Three betting lessons from the White House Race

Three betting lessons from the White House Race

    1. Be aware of the dangers of wishful thinking

The race for the Presidency was something that many punters, including me, cared passionately about and with that mind-set it is very easy to get carried away with wishful thinking. The only evidence you see is that which supports your desired outcome. So when the the exit poll leaks started I felt a sense of excitement and was one of those who backed Kerry strongly on the betting exchanges.

The news about the huge queues at the polling station and that turnout was at record levels led me to believe that unlike 2000 the left had got its act fully together and that a large proportion of the new voters were for Kerry. I called it wrongly.

In the past I’ve imposed a strict personal rule on myself not to bet on the Lib Dems because I recognise that in my desire to see the party progressing I find it hard to be objective. This was a rule I broke in July at Leicester South.

    2. Be aware of the power of trading

Betting exchanges such as Betfair give you the chance to both back and lay in a market so if you can predict price movements you can cover yourself in any outcome.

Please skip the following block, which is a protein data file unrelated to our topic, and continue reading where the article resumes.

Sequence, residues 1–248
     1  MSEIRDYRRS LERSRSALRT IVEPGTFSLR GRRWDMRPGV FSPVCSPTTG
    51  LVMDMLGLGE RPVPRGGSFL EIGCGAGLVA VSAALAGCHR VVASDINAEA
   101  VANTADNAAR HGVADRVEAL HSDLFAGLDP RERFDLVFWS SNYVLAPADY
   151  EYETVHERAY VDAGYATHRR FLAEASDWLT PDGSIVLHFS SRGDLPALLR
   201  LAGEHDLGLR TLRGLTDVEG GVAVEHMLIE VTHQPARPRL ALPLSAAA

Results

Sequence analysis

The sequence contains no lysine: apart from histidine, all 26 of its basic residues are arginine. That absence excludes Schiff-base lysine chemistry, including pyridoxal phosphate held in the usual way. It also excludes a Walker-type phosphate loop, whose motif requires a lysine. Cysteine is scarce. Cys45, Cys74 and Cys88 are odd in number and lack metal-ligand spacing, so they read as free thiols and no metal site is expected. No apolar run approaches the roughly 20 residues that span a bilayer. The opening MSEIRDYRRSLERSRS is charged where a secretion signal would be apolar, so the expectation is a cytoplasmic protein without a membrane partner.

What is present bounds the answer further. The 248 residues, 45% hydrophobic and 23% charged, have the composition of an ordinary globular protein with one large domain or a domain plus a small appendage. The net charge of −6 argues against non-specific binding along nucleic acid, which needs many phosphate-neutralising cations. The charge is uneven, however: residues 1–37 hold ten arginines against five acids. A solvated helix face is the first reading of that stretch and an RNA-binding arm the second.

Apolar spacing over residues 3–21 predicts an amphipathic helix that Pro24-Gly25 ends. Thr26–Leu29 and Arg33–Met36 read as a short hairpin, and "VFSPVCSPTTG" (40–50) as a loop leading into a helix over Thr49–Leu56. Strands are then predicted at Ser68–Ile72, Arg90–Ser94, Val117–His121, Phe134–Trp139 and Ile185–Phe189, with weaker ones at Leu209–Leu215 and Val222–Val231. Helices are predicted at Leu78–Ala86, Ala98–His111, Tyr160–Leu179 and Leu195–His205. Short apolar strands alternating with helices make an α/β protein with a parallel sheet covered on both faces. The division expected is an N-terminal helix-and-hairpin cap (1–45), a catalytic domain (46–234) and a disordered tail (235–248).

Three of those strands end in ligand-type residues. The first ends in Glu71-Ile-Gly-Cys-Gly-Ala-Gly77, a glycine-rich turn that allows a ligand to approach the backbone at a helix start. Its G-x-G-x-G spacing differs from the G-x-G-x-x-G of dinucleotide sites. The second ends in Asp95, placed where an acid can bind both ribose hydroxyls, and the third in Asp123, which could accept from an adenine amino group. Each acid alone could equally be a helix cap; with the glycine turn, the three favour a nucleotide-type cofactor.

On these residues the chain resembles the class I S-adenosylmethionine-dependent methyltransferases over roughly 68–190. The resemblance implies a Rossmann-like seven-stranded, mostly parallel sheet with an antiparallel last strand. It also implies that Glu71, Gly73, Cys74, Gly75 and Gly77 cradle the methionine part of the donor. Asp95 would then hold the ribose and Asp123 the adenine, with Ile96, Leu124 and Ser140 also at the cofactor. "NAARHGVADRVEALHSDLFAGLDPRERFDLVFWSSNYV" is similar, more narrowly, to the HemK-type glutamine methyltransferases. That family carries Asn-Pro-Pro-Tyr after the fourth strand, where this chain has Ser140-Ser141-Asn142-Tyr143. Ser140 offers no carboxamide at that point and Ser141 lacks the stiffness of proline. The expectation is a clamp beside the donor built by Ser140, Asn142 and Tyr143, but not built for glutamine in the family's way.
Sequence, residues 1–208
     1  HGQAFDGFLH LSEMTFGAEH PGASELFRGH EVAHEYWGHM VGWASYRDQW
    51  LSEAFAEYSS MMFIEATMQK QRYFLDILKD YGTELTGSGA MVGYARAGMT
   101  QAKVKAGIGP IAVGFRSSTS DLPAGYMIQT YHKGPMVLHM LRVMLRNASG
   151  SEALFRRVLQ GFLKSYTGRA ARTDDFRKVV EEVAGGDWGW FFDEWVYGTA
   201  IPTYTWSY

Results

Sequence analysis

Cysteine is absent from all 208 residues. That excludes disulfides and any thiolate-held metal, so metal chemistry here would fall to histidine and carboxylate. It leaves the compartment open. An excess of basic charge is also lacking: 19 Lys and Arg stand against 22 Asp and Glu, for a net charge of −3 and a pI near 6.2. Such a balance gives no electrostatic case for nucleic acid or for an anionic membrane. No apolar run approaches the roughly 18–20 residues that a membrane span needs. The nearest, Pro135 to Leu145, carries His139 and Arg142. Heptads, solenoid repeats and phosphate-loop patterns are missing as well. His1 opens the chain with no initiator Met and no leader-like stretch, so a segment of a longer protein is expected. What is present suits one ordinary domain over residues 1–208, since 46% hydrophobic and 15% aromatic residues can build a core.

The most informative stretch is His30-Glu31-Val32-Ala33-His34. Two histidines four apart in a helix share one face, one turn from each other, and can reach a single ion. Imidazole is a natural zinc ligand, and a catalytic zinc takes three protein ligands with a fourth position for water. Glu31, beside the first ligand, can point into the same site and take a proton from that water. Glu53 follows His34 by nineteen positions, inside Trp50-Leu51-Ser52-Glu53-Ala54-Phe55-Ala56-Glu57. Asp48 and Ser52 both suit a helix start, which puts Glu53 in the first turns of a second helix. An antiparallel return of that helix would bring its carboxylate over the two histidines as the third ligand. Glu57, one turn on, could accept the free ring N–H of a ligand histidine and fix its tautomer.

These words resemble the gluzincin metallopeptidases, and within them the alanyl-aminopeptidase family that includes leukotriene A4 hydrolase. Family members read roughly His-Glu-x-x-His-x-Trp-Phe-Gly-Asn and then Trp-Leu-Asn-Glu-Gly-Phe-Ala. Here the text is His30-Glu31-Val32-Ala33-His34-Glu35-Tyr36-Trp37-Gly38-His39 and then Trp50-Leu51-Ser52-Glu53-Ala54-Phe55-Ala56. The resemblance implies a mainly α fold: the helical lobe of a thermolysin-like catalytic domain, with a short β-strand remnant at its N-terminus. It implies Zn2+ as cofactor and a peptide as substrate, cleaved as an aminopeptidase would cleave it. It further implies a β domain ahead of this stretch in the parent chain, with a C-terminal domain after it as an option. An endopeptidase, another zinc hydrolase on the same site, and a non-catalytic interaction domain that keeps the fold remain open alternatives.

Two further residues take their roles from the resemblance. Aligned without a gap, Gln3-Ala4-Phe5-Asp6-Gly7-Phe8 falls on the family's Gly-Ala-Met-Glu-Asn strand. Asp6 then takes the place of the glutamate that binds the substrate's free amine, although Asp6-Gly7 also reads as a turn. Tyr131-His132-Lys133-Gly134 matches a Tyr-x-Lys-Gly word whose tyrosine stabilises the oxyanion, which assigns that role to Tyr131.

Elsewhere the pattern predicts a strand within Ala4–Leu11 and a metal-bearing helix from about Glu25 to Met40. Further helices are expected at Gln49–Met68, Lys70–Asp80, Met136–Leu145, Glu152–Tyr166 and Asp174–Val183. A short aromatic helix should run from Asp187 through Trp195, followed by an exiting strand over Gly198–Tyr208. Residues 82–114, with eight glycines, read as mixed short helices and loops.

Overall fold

On Tuesday night I began backing Kerry heavily when things seemed to be moving in his direction and I had a number of bets just above and below evens. But then as the price got tighter and tighter I was able to get out of my whole Kerry loss position by laying him at about 2/5. At the time this was just insurance – I did not know what was going to happen but figured that restricting my potential winnings to 60% with no risk of a loss was much better then staying in for the full 100%. That saved my bacon.

On nights like Tuesday there is a huge potential for over-reaction and if you can read it then you will benefit.

    3. Ignore exit polls

No doubt there will be big examinations as to why the exit polls were so wrong. These drive markets strongly and the risk-averse gambler needs to treat them with caution.

Mike Smithson

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